Hydrographic and stable oxygen isotope (H2 18O/H2 16O) sampling was carried out within the West New Siberian (WNS) coastal polynyas in the southern Laptev Sea in late winters 2008 and 2009. The impact of sea ice formation on the water column was quantified by a salinity/d18O mass balance. Several stations had vertically homogeneous physical properties in April/May 2008 and featured polynya-formed local bottom water with elevated signals of brine released during sea ice formation and elevated fractions of river water. The polynya-formed bottom water was fresher than surrounding bottom waters. At other stations, salinity/d18O correlation showed well-defined mixing lines for bottom and surface layers. In March–April 2009, surface waters were strongly influenced by Lena River water, and local polynya activity with elevated brine signals reached to intermediate depth but did not penetrate the bottom layer in the highly stratified water column. Inventory values of sea ice formation were comparable in both years, but freshwater distributions from the preceding summers were different. Therefore, the observed difference in the impact of polynya activity on the water column is not primarily controlled by the amount of sea ice formed during winter but by preconditioning from the preceding summer. Only in years when the river plume is mostly absent in the polynya region is stratification weak and allows winter sea ice formation to reach the bottom layer. Thus summer stratification controls the influence of local polynya water on the shelf’s bottom hydrography and, as bottom water is exported, impacts on the source water of shelf-derived halocline waters.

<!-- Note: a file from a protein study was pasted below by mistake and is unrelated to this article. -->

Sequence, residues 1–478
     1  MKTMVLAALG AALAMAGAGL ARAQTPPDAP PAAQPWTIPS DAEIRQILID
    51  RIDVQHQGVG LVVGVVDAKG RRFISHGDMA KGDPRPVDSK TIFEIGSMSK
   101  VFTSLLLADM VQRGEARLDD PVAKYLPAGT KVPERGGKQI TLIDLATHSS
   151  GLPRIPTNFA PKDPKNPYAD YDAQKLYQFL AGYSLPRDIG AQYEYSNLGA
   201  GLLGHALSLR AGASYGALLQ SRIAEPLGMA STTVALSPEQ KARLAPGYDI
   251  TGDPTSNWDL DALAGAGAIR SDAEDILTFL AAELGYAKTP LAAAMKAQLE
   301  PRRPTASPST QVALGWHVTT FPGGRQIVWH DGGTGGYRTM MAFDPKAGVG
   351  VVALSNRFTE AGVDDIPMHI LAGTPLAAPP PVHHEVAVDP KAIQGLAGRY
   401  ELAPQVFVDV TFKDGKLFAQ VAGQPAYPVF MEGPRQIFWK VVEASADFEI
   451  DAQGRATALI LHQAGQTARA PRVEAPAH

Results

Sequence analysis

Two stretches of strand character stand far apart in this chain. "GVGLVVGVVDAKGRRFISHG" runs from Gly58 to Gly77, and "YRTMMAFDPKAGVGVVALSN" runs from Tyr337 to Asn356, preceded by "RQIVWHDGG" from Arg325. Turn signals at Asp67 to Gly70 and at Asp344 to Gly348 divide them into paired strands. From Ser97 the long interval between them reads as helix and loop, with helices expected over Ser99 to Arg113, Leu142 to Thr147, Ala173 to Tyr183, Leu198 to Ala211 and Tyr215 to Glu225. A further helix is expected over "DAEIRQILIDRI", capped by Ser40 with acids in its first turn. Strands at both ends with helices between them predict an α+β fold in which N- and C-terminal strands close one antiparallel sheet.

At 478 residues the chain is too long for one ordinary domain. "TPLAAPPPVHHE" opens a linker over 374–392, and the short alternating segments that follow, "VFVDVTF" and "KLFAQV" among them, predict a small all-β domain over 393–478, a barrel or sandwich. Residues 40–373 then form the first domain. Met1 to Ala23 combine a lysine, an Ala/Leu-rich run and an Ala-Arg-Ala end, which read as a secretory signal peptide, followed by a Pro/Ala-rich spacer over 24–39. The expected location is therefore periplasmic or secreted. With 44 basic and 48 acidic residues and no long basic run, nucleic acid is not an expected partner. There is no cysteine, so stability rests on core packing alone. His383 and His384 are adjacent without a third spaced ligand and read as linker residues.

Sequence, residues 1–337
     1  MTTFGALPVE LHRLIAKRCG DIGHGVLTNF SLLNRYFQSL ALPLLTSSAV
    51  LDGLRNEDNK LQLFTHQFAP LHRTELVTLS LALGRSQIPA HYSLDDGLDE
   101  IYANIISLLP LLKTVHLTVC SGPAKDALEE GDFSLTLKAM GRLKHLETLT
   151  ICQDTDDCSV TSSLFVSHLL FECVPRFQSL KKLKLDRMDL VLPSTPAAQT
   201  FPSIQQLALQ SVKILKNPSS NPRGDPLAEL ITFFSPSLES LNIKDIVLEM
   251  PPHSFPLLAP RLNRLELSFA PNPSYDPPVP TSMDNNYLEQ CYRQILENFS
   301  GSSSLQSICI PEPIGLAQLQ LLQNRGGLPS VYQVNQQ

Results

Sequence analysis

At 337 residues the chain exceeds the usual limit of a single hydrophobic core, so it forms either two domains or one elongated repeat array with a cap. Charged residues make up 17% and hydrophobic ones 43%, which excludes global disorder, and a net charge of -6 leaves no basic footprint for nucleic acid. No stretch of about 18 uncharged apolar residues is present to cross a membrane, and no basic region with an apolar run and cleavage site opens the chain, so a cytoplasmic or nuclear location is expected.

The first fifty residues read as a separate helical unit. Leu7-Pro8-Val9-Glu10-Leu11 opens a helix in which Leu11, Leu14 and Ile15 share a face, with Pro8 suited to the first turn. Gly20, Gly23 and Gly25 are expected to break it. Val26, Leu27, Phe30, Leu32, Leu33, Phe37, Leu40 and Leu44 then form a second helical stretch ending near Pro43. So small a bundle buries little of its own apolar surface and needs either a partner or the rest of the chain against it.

AWI Organizations > Climate Sciences > Sea Ice Physics